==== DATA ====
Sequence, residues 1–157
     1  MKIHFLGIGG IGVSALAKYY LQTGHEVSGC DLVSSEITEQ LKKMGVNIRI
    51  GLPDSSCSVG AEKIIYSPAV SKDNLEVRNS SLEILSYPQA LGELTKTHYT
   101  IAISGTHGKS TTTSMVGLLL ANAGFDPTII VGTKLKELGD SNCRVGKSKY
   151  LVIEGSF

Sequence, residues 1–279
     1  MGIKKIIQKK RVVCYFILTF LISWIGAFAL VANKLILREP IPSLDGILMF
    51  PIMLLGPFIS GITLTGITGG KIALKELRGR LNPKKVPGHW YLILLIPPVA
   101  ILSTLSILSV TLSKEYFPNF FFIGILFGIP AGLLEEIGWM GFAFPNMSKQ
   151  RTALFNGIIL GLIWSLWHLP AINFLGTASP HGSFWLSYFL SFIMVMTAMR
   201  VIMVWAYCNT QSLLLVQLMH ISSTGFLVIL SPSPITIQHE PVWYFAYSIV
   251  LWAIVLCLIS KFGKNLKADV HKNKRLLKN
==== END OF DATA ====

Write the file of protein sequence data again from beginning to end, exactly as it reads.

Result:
Sequence, residues 1–157
     1  MKIHFLGIGG IGVSALAKYY LQTGHEVSGC DLVSSEITEQ LKKMGVNIRI
    51  GLPDSSCSVG AEKIIYSPAV SKDNLEVRNS SLEILSYPQA LGELTKTHYT
   101  IAISGTHGKS TTTSMVGLLL ANAGFDPTII VGTKLKELGD SNCRVGKSKY
   151  LVIEGSF

Sequence, residues 1–279
     1  MGIKKIIQKK RVVCYFILTF LISWIGAFAL VANKLILREP IPSLDGILMF
    51  PIMLLGPFIS GITLTGITGG KIALKELRGR LNPKKVPGHW YLILLIPPVA
   101  ILSTLSILSV TLSKEYFPNF FFIGILFGIP AGLLEEIGWM GFAFPNMSKQ
   151  RTALFNGIIL GLIWSLWHLP AINFLGTASP HGSFWLSYFL SFIMVMTAMR
   201  VIMVWAYCNT QSLLLVQLMH ISSTGFLVIL SPSPITIQHE PVWYFAYSIV
   251  LWAIVLCLIS KFGKNLKADV HKNKRLLKN